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This vs. that: Two topics go head-to-head each day

CNN found thousands of Facebook mentions of "get high" and "get drunk" over a few hours on a Friday night, a couple of months ago. We decided to take another look at the same numbers on January 17, as news broke about President Barack Obama's comments about <a href='http://politicalticker.blogs.cnn.com/2014/01/19/obama-says-marijuana-no-more-dangerous-than-alcohol/'>weed being "no more dangerous" than alcohol</a>. Alcohol is still mentioned more, but it looks like the gap between the substances is a little smaller. You can see the January 17 numbers here. The November 8 results are on the next frame. CNN found thousands of Facebook mentions of "get high" and "get drunk" over a few hours on a Friday night, a couple of months ago. We decided to take another look at the same numbers on January 17, as news broke about President Barack Obama's comments about weed being "no more dangerous" than alcohol. Alcohol is still mentioned more, but it looks like the gap between the substances is a little smaller. You can see the January 17 numbers here. The November 8 results are on the next frame.
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This vs. that: January 20 - Friday night, again
This vs. that - November 9: Friday night, then
This vs. that: January 20 - Friday night, again
This vs. that: November 9 - Friday night, then
This vs. that: January 16 - Three newsmakers
This vs. that: January 12 - Golden Globes
This vs. that: December 19 - 'Duck Dynasty'
This vs. that: December 16 - Spotted what?
This vs. that: December 13 - Affluenza
This vs. that: November 21 - Cocaine
This vs. that - November 20: Taking flight
This vs. that - November 19: Keeping score
This vs. that: November 15 - Go BatKid!
This vs. that: November 14 - Warren, Clinton
This vs. that: November 13 - Sweater weather
This vs. that: November 12 - Turner Field
This vs. that: November 12 - Sub/urban
This vs. that: November 11 - Veterans Day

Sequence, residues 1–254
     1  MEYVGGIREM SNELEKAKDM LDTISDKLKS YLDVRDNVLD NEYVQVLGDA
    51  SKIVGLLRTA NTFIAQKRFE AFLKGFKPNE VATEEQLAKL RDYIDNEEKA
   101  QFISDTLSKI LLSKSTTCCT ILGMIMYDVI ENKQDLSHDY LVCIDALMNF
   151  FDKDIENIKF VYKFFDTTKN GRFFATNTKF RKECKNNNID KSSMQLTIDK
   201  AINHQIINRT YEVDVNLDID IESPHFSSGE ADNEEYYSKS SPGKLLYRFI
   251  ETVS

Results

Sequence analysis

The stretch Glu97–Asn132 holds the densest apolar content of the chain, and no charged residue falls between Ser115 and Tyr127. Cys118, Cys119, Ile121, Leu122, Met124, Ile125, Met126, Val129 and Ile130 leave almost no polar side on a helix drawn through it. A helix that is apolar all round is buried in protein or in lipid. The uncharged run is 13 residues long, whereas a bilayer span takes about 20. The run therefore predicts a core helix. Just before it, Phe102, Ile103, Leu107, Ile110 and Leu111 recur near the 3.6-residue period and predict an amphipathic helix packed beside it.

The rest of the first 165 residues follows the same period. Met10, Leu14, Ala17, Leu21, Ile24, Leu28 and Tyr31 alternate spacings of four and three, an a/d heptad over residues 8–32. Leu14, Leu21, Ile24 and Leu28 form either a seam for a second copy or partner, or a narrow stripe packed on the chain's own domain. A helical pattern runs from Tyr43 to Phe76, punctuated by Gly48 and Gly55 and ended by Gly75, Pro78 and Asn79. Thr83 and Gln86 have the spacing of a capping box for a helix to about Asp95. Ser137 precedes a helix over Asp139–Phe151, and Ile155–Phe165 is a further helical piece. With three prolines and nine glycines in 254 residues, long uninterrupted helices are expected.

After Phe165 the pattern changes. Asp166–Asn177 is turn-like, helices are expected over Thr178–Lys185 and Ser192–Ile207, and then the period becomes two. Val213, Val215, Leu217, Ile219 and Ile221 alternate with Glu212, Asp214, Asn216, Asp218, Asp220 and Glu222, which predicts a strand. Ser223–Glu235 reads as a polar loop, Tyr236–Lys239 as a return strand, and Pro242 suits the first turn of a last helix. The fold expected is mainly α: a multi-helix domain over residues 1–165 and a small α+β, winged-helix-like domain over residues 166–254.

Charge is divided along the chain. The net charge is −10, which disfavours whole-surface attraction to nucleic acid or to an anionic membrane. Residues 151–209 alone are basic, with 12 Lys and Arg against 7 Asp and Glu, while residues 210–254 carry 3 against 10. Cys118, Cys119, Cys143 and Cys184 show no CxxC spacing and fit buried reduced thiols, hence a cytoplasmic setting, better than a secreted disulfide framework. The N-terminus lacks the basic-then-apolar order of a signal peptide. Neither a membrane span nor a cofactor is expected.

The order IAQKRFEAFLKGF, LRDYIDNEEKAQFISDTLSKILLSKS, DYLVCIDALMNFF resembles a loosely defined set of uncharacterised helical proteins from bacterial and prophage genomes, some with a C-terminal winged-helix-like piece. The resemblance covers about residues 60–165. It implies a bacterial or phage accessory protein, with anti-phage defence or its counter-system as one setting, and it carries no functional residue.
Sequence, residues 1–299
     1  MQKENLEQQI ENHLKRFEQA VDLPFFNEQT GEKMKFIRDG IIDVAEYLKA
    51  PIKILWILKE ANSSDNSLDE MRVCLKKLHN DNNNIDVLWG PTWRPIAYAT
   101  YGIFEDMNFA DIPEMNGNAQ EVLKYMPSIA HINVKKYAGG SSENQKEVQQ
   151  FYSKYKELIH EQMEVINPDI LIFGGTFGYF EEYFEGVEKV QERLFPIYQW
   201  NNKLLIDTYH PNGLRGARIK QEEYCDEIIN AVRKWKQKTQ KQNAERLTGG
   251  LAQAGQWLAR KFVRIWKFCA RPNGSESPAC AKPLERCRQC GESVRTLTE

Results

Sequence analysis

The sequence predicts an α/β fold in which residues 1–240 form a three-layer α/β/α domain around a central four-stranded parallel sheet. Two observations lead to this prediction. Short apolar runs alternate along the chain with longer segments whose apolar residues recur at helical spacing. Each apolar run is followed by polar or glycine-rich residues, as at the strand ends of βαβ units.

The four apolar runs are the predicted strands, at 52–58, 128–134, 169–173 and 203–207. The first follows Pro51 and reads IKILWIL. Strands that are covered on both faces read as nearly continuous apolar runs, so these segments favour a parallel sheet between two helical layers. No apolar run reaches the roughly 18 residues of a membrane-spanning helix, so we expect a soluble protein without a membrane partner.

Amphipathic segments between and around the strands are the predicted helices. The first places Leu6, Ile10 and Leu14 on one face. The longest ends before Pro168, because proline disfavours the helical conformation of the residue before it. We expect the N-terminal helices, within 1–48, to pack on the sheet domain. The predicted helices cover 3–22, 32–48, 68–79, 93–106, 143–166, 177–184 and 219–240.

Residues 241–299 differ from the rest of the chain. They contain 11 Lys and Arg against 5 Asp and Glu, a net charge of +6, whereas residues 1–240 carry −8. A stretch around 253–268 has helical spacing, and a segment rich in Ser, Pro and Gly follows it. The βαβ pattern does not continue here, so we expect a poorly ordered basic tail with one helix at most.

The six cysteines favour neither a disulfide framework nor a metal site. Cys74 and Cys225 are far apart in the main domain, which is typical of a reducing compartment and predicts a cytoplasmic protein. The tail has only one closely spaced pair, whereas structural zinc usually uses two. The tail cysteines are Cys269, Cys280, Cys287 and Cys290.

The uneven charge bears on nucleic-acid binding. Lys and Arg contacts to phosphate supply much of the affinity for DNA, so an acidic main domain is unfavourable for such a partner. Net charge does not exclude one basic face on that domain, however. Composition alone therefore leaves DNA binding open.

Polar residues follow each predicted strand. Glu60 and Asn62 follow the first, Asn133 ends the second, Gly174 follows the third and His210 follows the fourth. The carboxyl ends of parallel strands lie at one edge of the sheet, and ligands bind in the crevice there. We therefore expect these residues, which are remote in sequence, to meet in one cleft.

This vs. that: November 11 - Symbolism
This vs. that: November 9 - Pot and booze
This vs. that: November 8 - 'Thor'
This vs. that: November 7 - Video versus
This vs. that: November 7 - Rewind
This vs. that: November 6 - Stars realign?
This vs. that: November 5 - Election 2013
This vs. that: November 4 - Off to the polls?
This vs. that: November 1 - Hairy numbers
This vs. that: October 31 - Candy corn
This vs. that: October 31 - Busy day
This vs. that: October 31 - World Series
This vs. that: October 30 - Wine shortage?
This vs. that: October 30 - Reed, Brown
This vs. that: October 29 - Meme-agerie
This vs. that: October 28 - Getting political
This vs. that: October 28 - Lou Reed
This vs. that: October 25 - Clinton, Palin
This vs. that: October 22 - Proud papas
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STORY HIGHLIGHTS
  • What are people talking about? Facebook mentions give a glimpse
  • CNN now has ability to see how often some topics are mentioned
  • Data is broad and shows demographics, rather than specific conversations

Editor's note: This vs. that is a rotating feature that includes new head-to-head topics each day. Click through the gallery to see the archived charts.

(CNN) -- People talk about all kinds of things on social media: Their day-to-day lives, articles generating a lot of buzz and the things they ate for breakfast.

Some of the conversations by Facebook's 128 million daily users revolve around the news, and CNN now has the ability to take a peek into this world.

Data details get drunk vs. get high

Facebook has given CNN access to demographic data that tells us how many people have mentioned a topic along with age, gender and location information. We aren't actually reading through conversations, but rather looking at numbers that show us trends.

Facebook trending down with teens

Since we've just gotten this information, we thought we'd try something new. Each day, we'll be comparing two topics that show interesting trends in their demographic data.

Click through to see which snippets of the Gettysburg Address are most-mentioned on Facebook. Click through to see which snippets of the Gettysburg Address are most-mentioned on Facebook.
Gettysburg Address as Facebook status
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View graphic frame-by-frame View graphic frame-by-frame

You might see that more women are talking about a particular topic than men, or that younger age groups are mentioning one news event versus another. While this isn't a scientific study, we hope pitting two topics against each other will give some perspective on these results.

Sometimes, these numbers can show us things we don't expect. For example, we recently learned that many of the Facebook users talking about Iran were young people, especially internationally.

We also found a similar trend in ages among the people talking about the government shutdown. Looking at Facebook mentions can give us insights that would be hard to get in any other way.

Check back here to see new charts about topics in the news and popular conversation, and if you have ideas you want us to look into, let us know in the comments below.

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